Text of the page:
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Choosing Your Odometry

Want to know how to choose the best odometry for your robot? This blog can help you precisely navigate through the pros and cons of each odometry pod on the market.


What is Odometry?

Odometry is when your robot has the ability to have positional awareness on the field, at all times. This can usually be done with the encoders in your motors, which count the rotations pretty well. However, with the use of mecanum wheels, which allow you to strafe, your wheels slip a lot, which accumulates an offset overtime. This decreases the precision of motor encoders by a lot. What doesn’t slip are called dead wheels. Dead wheels are unpowered omni-wheels that are used for counting revolutions and odometry. If you combine a dead wheel and an encoder, you make what we call an odometry pod. With three of these (three wheel odometry), you can have a very accurate and reliable localization system to use for your autonomous, and even tele-op. 



dead wheels


Options

Now that we have a clear understanding of the components, let's go through the options you have.


COTS pods:

Pros: 

  • Easy Mounting

  • Very Easy to Use

  • High Accuracy

  • COTS (Little Assembly Needed) 

Cons:

  • Slightly Expensive


gobilda odo






Pros: 

  • Great Price

  • Quick Shipping

  • COTS (Little Assembly Needed) 

Cons:

  • Linear Springing

  • Hard to Mount w/ Custom DT

  • Not Much Documentation

optii odo








Open Source pods:

Pros:

  • Great Documentation

  • Easy to Use

  • Easy Mounting

  • Configurable

  • Comes in metal as well (Metal OpenOdo)

Cons:

  • Needs 3D Printer or CNC for metal (You can contact them for help with printing)

  • REV Encoders have drift

openodo






Pros:

  • Great Documentation

  • Easy to Use

  • Easy Mounting

Cons:

  • Needs 3D Printer

  • REV Encoders have drift

loonyodo






Pros:

  • Straight-Forward Design

Cons:

  • Little Documentation

  • Hard to Mount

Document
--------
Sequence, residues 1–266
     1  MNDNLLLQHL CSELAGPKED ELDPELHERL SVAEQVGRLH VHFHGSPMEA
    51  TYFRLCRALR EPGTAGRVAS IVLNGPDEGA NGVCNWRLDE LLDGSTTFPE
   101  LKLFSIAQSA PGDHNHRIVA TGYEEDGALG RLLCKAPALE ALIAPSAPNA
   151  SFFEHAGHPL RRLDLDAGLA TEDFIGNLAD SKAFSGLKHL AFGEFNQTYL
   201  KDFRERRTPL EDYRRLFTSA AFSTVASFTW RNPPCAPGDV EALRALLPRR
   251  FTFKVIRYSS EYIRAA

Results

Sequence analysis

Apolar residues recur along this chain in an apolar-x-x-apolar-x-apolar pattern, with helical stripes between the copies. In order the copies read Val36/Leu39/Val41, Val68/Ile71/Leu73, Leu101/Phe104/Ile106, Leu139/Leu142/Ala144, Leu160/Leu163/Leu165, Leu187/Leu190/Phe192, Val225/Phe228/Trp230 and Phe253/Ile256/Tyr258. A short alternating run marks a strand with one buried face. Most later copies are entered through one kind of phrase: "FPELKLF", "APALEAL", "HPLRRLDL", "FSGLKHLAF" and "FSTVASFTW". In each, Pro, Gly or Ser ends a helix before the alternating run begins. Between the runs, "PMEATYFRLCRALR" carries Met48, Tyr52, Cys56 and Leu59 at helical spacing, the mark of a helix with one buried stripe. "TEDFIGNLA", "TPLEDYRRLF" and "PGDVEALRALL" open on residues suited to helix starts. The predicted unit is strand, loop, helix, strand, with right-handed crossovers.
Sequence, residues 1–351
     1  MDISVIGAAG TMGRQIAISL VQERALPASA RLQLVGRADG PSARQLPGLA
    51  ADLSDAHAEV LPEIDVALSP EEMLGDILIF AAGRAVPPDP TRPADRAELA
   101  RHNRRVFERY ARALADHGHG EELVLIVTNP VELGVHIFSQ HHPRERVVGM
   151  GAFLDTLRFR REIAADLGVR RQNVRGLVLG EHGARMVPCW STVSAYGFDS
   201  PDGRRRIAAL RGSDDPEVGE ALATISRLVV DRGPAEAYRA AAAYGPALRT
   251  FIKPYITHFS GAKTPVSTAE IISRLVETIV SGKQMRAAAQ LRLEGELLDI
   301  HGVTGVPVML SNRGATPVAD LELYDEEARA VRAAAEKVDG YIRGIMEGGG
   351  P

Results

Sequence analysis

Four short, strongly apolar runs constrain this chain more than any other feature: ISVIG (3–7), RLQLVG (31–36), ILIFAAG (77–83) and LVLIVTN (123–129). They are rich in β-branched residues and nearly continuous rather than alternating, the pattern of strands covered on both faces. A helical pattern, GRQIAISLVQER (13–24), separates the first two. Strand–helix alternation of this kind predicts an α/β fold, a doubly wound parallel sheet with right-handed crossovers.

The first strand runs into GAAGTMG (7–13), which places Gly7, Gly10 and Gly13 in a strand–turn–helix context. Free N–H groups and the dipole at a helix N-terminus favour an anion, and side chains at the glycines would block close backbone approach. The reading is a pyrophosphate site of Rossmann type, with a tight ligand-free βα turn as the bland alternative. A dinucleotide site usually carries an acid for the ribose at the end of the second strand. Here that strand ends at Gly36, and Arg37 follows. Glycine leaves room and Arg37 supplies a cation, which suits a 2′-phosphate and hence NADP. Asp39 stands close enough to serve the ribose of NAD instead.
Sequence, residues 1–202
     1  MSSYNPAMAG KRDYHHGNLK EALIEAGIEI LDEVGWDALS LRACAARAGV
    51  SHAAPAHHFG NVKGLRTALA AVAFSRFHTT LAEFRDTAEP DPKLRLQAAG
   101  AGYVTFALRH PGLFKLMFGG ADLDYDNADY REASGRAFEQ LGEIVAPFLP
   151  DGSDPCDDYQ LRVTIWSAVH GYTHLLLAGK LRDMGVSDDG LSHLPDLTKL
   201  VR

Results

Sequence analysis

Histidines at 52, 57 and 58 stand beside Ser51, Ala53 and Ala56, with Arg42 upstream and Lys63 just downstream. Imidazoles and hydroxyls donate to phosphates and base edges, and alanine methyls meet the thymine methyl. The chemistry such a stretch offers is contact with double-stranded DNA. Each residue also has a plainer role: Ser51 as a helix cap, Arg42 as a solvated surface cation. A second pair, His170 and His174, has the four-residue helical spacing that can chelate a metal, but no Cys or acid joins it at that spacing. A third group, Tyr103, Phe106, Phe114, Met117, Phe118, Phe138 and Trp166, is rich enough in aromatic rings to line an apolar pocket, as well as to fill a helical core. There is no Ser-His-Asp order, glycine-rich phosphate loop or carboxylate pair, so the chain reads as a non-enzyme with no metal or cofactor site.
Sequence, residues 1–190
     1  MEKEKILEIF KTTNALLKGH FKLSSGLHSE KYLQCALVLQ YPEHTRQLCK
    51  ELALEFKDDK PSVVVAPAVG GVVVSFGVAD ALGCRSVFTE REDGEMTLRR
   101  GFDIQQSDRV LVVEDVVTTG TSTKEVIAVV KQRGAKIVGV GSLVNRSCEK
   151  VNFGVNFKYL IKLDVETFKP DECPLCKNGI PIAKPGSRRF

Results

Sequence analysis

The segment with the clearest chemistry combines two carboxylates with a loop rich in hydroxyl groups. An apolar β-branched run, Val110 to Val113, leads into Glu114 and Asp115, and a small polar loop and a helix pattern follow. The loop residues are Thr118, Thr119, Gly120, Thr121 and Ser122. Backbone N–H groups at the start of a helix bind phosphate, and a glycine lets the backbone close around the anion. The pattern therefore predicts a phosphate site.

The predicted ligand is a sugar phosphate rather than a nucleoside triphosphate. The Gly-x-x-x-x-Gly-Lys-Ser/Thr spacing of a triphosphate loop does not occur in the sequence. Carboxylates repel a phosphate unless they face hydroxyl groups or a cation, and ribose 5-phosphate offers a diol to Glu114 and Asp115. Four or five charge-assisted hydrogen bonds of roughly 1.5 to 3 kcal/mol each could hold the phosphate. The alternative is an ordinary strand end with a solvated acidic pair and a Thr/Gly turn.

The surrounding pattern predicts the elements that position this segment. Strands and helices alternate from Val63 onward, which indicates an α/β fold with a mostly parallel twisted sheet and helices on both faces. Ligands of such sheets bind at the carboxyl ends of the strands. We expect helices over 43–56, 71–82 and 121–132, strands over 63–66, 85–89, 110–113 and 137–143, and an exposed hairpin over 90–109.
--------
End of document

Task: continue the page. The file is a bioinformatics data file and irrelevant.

• Linear Springing

  • Needs 3D Printer

thunder odo







Encoders:


Odometry Psuedocode (cred: GM0)

while robot_is_active():
   delta_left_encoder_pos = left_encoder_pos - prev_left_encoder_pos
   delta_right_encoder_pos = right_encoder_pos - prev_right_encoder_pos
   delta_center_encoder_pos = center_encoder_pos - prev_center_encoder_pos

   phi = (delta_left_encoder_pos - delta_right_encoder_pos) / trackwidth
   delta_middle_pos = (delta_left_encoder_pos + delta_right_encoder_pos) / 2
   delta_perp_pos = delta_center_encoder_pos - forward_offset * phi

   delta_x = delta_middle_pos * cos(heading) - delta_perp_pos * sin(heading)
   delta_y = delta_middle_pos * sin(heading) + delta_perp_pos * cos(heading)

   x_pos += delta_x
   y_pos += delta_y
   heading += phi

   prev_left_encoder_pos = left_encoder_pos
   prev_right_encoder_pos = right_encoder_pos
   prev_center_encoder_pos = center_encoder_pos

For a thorough explanation of how to code odometry, check out Roadrunner:


Conclusion

Ultimately, choosing your odometry mainly depends on your drivetrain and preferences. Personally, I’d recommend GoBILDA for newer teams, as it is a COTS product (commercial off the shelf). It is very easy to mount, use, code, and work with overall. If you are a more experienced team, or want to try something new, I’d recommend OpenOdo or LoonyOdo. Firstly, OpenOdo is great as it is versatile for all drivetrains. The configurability and clear guides allow for easy usage on all robots. If you can’t decide which one fits your robot, it’s OpenOdo. However, if you want something very simple, compact, and straight-forward, I’d go with LoonyOdo. LoonyOdo is slightly harder to work with than OpenOdo, but still gives a great foundation for people to begin implementing odometry. If you have any more questions, head to GM0, or ask in the FTC discord. Good luck choosing your odometry, and have fun building your robot!

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